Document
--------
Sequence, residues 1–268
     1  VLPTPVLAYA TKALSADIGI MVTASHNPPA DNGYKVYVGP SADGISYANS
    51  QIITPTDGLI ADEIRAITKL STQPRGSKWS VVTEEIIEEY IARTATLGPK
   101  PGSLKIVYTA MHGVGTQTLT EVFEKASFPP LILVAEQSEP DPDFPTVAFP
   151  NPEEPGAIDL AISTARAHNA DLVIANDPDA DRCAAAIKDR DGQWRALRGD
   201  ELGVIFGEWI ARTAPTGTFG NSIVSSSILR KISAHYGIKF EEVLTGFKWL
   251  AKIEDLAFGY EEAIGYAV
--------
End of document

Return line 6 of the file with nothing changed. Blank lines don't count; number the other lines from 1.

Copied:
   201  ELGVIFGEWI ARTAPTGTFG NSIVSSSILR KISAHYGIKF EEVLTGFKWL